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On the Progressive Change of Poetical
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WILLIAM BLACKWOOD, NO 17, PRINCE'S STREET, EDINBURGH ;
To whom Communications (post paid) may be addressed.
[OLIVER & Boyd, Printers, Edinburgh.]
ON THE PROGRESSIVE CHANGE OF POETICAL STYLE.
Ut unus ab illis numeretur Annus, omnes annos suos conterent. mense -SEXECA.
THE progressive change of poetical exaggerate their defects. The Augustan style, as connected with the reputation age has been too exclusively talked of the poets of different ages, is a deli- about. We have been too bigotted cate theme. It involves the develope- adorers of the poetic spirit, the simment of some niceties; the examination plicity, and the subdued beauty of of some prejudices; and, what is worst, Virgil, Horace, and the other emithe contradiction of some assertions. nent poets their contemporaries. It The importance of the subject may cannot, certainly, be denied, that the perhaps hardly appear commensurate poetry of their period, presents an agwith its minuteness of detail. It can- gregate of excellence which it may be not however be unimportant to have difficult to parallel. For this, howsomething like clear ideas on a matter ever, it is more or less indebted to the which has affected, and will affect, the favourable circumstances under which polite literature of this, and every it was written; nor does it by any other European country.
means follow that these poets were In commencing the present sketch, possessed of genius eminently suit would seem to be needless to go perior to those, either of their own or further back than the Augustan age, of other countries, who have succeedas including the earliest and the best ed them. The commencement of the of what we know of the Roman poetry. poetical literature of all nations, proThe progress of the Greek literature bably, exhibits something like this. was early interrupted by political chan- That it has been the case with English ges. From the age of Æschylus to the poetry, is attempted to be shewn in battle of Chæronæa, is comprehended the course of these remarks. It is only the short interval of ninety-eight indeed natural to expect that the years. In about double that time after earlier efforts of poetry should be upon wards, the Romans began those aggres- the whole the most happy; and for sions, which ended in the second subju- this plain reason, that in poetry as in gation of Greece. To Rome the bestfruit every thing else, originality is much of this conquest was the cultivation of easier when there has been no one to Greek literature, of which the Roman anticipate its sources.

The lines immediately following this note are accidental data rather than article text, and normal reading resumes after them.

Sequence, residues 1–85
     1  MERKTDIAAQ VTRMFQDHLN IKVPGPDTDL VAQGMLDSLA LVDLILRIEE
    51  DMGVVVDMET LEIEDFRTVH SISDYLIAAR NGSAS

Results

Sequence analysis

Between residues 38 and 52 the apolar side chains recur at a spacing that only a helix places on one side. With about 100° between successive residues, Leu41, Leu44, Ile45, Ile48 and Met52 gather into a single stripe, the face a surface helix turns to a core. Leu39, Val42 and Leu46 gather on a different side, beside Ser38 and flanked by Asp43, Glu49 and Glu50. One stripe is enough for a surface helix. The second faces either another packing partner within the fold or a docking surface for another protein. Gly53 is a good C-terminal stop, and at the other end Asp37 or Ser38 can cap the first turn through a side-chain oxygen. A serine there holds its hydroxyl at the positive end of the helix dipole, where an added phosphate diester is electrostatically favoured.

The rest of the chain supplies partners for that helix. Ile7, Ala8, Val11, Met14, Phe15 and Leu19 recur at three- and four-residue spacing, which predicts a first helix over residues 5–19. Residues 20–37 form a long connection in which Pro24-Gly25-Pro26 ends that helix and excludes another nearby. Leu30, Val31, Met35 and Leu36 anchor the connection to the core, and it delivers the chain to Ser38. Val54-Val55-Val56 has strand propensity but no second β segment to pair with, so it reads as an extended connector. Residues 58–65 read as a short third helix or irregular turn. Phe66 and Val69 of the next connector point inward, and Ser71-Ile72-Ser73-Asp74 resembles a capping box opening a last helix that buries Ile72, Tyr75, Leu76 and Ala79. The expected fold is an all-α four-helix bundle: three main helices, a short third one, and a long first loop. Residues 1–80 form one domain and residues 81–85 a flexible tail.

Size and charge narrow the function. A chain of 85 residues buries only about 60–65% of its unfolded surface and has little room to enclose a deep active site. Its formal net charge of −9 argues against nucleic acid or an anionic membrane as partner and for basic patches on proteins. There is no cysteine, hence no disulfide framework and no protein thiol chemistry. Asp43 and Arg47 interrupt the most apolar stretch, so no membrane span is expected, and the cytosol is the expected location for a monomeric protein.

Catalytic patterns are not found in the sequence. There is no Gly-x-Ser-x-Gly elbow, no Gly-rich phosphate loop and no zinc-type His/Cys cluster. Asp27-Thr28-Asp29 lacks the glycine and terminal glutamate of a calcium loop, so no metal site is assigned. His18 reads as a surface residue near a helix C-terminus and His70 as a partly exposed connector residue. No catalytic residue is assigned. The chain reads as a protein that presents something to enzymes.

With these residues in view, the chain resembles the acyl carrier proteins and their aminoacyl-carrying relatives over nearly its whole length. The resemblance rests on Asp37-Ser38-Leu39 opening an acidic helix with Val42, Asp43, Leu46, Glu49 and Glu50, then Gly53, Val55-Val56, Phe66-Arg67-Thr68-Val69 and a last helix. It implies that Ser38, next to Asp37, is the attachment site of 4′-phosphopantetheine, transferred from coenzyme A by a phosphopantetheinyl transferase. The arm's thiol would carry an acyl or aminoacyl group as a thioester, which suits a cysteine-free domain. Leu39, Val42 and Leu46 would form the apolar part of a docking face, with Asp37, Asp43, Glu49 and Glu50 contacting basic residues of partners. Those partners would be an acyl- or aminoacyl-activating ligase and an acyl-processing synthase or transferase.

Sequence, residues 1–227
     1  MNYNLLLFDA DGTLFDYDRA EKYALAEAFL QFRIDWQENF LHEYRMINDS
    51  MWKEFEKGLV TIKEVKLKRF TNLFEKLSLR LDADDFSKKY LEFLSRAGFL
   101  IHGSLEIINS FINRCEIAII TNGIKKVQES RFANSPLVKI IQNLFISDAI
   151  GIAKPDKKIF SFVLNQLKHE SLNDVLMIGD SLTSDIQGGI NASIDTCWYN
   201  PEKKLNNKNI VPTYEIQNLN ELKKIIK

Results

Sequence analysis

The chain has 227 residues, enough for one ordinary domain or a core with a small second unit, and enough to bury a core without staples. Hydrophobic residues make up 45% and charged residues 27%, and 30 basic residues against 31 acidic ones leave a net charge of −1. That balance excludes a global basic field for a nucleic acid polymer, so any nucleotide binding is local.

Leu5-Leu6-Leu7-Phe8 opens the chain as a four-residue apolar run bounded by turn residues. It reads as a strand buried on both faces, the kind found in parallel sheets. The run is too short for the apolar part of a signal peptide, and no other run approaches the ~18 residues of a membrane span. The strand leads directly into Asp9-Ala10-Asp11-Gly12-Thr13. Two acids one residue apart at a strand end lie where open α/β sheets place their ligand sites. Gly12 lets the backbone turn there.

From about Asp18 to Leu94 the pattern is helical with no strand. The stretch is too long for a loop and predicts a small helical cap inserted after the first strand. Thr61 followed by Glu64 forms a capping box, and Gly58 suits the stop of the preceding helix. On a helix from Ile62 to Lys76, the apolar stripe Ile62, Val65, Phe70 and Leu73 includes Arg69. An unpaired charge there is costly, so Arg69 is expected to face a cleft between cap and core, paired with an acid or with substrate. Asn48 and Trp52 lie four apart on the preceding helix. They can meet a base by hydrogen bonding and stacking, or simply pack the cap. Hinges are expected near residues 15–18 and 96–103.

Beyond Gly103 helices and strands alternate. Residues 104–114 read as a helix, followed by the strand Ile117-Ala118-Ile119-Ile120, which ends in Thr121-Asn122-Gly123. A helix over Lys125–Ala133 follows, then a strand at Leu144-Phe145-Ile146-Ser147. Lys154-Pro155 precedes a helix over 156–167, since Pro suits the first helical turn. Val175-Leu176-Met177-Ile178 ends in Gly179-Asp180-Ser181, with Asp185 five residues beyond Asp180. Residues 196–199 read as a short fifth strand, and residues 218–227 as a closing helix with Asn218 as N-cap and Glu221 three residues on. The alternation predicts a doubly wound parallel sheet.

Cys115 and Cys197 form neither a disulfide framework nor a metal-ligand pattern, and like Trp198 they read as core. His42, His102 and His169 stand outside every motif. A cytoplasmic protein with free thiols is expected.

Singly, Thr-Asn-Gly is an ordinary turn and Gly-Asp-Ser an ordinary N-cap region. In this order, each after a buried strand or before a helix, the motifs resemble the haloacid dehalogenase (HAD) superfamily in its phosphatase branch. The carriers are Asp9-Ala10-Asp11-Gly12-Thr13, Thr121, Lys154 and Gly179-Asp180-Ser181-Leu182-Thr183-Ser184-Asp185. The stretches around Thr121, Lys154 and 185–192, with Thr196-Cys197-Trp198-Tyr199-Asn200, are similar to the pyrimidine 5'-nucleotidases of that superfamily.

The earlier is indeed a sort of continuation. The poets, Terence, Lucretius, Virgil, and Latin authors condescended to imitate Horace, stood upon the most advanthose models which they could not hope tageous ground. The Latin language to surpass ; and such was the begin- had just attained to a polished reguning of the Augustan age, thesplendour larity-the rude and comparatively of which has diminished that of all antiquated versification of Ennius, and after literature, and in a great measure
of one or two others whose names are blinded posterity to the excellencies now scarcely known, was all with of succeeding authors; whilst, as sham which they had to contend. The fields dows are strongest in an imperfect of poetry were open to them, and they light, it has at the same time led us to culled the flowers which grew at their VOL. VI.
feet. Originality and simplicity then virtue of Italy. From this time the went hand in hand.